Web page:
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As Ethiopia’s population has become increasingly urbanized over the past decade, more and more households have come to rely on markets, rather than their own farms, for their daily food needs. This dependence means that well-functioning agri-food value chains have become increasingly vital to food security for much of the population.
With the COVID-19 pandemic disrupting livelihoods, and the new African Continental Free Trade Area (AfCFTA) now beginning to influence food flows, agricultural trade in Africa is in a state of flux, with both challenges and opportunities. While AfCFTA implementation has begun, some crucial negotiations remain to be completed, and the full scope of its impact is not yet clear.
Prevalence of hunger and food insecurity have been on the rise in Africa south of the Sahara (SSA) in recent years after a long period of decline. In 2020, an estimated one in five people in the region faced hunger, more than double the proportion of any other region worldwide. The period 2019-2020 in SSA saw the strongest increase in annual undernourishment ever recorded. In 2020, estimated prevalence of undernourishment ranged from 10.1 percent in southern Africa to 31.8 percent in Central Africa.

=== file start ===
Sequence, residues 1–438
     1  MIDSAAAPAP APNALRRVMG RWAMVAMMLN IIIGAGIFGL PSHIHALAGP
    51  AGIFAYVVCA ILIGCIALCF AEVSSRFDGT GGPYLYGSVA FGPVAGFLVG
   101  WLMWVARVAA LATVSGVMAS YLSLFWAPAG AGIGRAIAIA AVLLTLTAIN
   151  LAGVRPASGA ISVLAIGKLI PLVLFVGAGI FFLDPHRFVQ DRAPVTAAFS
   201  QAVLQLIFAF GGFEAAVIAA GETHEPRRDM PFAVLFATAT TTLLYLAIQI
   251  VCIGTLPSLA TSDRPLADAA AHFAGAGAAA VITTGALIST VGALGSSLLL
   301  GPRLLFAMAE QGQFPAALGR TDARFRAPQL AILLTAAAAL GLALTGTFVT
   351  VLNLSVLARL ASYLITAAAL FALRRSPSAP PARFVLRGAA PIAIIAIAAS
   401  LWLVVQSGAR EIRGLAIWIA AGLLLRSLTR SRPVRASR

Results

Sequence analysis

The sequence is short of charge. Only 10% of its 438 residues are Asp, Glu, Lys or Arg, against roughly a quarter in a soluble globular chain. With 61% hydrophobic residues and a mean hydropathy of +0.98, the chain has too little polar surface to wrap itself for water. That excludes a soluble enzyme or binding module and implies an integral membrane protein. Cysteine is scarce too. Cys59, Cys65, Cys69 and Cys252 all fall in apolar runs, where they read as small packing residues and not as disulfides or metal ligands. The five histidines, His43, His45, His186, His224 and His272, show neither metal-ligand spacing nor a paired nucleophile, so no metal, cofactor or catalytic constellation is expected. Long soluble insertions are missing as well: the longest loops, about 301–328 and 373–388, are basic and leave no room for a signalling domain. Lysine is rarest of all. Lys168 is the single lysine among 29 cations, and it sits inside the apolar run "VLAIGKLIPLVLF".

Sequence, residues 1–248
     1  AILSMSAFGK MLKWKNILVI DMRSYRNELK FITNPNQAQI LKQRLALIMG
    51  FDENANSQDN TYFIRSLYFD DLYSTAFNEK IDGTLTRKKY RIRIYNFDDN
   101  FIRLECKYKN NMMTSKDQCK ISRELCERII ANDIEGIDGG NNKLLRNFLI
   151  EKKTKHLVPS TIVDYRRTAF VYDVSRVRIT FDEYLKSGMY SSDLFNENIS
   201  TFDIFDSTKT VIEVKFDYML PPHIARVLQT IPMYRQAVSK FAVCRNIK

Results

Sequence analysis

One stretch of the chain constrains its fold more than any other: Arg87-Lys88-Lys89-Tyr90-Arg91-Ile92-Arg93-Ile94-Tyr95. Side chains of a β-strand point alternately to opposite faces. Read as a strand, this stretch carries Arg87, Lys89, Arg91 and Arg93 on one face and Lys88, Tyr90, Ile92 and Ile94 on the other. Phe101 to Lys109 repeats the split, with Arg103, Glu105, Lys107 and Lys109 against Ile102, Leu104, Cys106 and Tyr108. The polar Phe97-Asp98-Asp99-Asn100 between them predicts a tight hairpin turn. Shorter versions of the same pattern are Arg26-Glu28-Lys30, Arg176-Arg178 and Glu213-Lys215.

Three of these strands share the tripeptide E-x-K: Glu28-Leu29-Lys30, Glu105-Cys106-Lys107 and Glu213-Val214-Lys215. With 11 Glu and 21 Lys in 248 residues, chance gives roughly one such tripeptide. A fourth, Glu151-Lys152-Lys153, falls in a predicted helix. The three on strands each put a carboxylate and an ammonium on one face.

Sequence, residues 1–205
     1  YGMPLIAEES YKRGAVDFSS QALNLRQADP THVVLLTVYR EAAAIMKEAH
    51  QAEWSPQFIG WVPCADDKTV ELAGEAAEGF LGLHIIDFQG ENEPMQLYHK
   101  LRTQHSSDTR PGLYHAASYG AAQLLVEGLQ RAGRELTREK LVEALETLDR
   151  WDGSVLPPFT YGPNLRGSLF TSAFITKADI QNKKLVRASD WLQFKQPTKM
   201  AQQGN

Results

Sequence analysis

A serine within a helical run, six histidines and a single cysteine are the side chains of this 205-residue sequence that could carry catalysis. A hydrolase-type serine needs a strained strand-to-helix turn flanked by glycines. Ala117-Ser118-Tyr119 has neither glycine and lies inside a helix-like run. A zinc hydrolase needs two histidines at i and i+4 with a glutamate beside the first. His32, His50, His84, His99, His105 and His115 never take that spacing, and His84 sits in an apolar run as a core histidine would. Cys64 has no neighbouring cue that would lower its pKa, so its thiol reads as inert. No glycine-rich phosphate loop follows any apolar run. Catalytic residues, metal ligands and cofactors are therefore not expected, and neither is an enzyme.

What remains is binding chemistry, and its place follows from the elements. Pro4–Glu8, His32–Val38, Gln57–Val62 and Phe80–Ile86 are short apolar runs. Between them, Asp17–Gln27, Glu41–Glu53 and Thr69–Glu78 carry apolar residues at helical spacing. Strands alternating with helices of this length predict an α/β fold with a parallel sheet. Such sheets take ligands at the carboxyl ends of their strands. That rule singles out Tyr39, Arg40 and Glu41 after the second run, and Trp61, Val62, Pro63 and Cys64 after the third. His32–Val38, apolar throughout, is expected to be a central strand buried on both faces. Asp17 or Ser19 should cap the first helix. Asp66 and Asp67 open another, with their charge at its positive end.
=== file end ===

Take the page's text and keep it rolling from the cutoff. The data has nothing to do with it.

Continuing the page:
In 2018, African swine fever (ASF), a deadly hemorrhagic disease found in pigs, was reported for the first time in China. By mid-2019, the disease had infected hundreds of millions of pigs—anywhere from 30 to 70 percent of the country’s swine population. Millions of pigs were culled in an effort to slow the spread of the disease, resulting in a drastic reduction in the volume of Chinese pork produced.
Throughout the Sahel region of West Africa, the majority of crops and livestock are produced during one main rainy season. Any disruptions to this season—like those caused, for example, by climate change-induced drought—can have significant negative impacts on incomes, food availability, and food security for both producers and consumers. A new article in Global Food Security examines these impacts at the household level in Senegal.